Although the exact mechanisms that account for the observed change in delay discounting are unclear, several areas of research provide some guidance. Framing, or the context in which a decision is presented [68], may explain how financial education may alter how delayed outcomes are valued. Some research has shown that framing time as a specific date results in less discounting of delayed hypothetical money compared to time framed in calendar units (e.g., weeks, months, etc.) [69]. One of the components of financial education is developing specific financial goals that include specific dates of meeting those goals. Reframing the delays to financial goals such as purchasing a home or retirement may serve to increase the motivation to obtain those goals.

Financial education may also serve to reduce the perceived risk of saving and investing or to increase an individual’s tolerance for risk. The financial education participants in this study reported an increase in financial risk tolerance compared to the control participants. Delayed outcomes in a delay-discounting task include an implicit assumption of risk, meaning that the delayed outcome is perceived as riskier or less likely to actually be received than the immediate outcome [70]. This explanation is in line with our findings that financial risk tolerance increased over the course of the semester and that financial risk tolerance at Time 2 predicted the change in AUC for $100. Through financial education, individuals may come to better understand the necessity of allowing some risk when saving for retirement and opt for a more delayed outcome.

Finally, financial education was most effective in individuals with higher neuroticism scores. However, the relationship between neuroticism and delay discounting is unclear. Research investigating the relationship between delay discounting and personality traits is limited. Hirsh, Morisano and Peterson [71] found that extraversion predicted higher delay discounting rates but only in individuals with lower cognitive ability. Neuroticism may be indirectly related to delay discounting. Adams and Nettle [72] found that although neuroticism was not directly related to delay discounting, it was significantly related to several measures of time perspective such as the Zimbardo Time Perspective Inventory [73] and how far into the future participants planned their finances. Importantly, measures of time perspective also predicted delay discounting. Therefore, the impact of neuroticism on delay discounting may have been mediated by time perspective. We found that neuroticism was related to delay discounting, even though neuroticism scores did not change over the course of the semester. Although we did not measure time perspective, it is possible that the change in delay discounting actually reflects a change in time perspective over the course of the semester.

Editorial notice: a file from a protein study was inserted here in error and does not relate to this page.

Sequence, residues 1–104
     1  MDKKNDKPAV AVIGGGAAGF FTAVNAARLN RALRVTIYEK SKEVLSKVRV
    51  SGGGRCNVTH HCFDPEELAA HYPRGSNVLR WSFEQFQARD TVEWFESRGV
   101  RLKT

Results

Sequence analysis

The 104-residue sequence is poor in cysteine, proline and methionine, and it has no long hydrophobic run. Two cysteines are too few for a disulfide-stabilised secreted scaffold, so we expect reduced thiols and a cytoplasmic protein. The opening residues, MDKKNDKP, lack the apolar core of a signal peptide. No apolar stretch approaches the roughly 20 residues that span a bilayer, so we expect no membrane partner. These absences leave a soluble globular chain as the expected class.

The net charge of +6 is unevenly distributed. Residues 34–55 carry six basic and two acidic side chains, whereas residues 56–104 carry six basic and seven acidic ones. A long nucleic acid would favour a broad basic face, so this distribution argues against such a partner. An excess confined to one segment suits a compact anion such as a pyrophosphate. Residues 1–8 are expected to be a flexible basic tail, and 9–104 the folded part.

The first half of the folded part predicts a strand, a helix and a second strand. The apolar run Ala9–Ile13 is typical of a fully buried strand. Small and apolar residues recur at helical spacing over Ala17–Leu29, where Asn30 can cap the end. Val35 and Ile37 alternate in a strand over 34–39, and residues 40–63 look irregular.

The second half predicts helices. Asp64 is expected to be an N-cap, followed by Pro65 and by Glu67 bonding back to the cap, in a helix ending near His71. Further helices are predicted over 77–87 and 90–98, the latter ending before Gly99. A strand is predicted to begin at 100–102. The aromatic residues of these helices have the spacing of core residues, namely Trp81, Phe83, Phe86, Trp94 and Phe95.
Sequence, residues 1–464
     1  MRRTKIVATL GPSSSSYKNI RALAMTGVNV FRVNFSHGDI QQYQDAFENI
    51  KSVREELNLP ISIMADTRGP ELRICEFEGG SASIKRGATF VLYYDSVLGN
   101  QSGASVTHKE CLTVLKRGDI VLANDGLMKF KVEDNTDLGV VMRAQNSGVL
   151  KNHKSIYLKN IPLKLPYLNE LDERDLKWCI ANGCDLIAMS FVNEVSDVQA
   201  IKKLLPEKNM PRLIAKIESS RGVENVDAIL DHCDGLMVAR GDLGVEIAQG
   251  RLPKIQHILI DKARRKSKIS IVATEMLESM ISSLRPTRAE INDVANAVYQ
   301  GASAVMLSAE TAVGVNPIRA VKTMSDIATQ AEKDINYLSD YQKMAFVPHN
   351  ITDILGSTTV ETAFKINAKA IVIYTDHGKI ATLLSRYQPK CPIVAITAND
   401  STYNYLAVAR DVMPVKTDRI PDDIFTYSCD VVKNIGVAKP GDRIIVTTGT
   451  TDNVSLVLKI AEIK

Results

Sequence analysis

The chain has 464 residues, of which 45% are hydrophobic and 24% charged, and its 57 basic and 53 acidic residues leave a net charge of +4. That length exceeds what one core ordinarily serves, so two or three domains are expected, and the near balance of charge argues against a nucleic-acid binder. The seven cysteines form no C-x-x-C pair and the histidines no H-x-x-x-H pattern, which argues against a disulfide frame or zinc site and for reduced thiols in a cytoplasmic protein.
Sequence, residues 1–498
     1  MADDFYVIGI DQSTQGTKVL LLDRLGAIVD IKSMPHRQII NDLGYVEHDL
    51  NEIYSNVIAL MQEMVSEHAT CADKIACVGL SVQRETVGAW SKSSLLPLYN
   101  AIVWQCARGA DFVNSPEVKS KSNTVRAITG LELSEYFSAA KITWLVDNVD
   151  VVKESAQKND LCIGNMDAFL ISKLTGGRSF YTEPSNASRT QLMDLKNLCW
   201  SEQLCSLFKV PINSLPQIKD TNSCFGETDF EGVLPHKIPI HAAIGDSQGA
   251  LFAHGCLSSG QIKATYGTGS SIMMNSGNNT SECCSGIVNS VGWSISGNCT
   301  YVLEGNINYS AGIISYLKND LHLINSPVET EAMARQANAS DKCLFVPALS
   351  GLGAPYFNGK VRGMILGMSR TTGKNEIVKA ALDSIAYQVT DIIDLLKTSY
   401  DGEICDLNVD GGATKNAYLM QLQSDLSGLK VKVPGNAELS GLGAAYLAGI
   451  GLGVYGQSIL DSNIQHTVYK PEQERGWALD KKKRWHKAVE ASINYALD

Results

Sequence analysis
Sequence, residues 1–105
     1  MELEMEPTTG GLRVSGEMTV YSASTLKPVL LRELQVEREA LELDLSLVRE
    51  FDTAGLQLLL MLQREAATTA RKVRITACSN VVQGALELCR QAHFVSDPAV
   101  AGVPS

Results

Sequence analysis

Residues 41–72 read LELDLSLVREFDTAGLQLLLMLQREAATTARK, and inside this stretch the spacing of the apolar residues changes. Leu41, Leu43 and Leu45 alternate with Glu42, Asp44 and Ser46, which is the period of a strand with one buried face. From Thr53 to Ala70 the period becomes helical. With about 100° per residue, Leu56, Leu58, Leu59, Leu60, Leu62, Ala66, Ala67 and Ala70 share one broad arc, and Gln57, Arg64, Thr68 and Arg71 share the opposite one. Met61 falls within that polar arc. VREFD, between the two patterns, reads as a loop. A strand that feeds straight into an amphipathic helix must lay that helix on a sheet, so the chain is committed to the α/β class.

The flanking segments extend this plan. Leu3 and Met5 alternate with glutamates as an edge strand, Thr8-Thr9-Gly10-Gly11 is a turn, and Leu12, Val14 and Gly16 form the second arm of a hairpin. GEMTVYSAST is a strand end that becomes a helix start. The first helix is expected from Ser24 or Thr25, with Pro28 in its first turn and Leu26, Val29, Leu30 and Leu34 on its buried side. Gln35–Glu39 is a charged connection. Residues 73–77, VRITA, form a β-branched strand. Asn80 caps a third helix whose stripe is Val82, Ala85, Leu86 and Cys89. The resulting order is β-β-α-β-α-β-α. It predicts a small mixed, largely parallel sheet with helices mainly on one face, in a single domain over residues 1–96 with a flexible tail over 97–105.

This study extends previous work [23,31, 38] demonstrating that delay discounting can be reduced through intervention. Financial education may serve as a cost effective intervention for steep discounting which may in turn reduce costly behaviors such as substance abuse in addition to improving financial behaviors such as saving and budgeting. Further research should seek to understand if financial education causes a lasting change in delay discounting and if these changes generalize to other delayed outcomes.

Supporting Information

S1 Table. Between group GEE model results.

Reported values are GEE model fit parameters.


S2 Table. Financial education GEE model results.

Reported values are GEE model fit parameters.


Author Contributions

Conceived and designed the experiments: WBD JML ALO. Performed the experiments: WBD. Analyzed the data: WBD JEF ALO. Wrote the paper: WBD JEF JML ALO.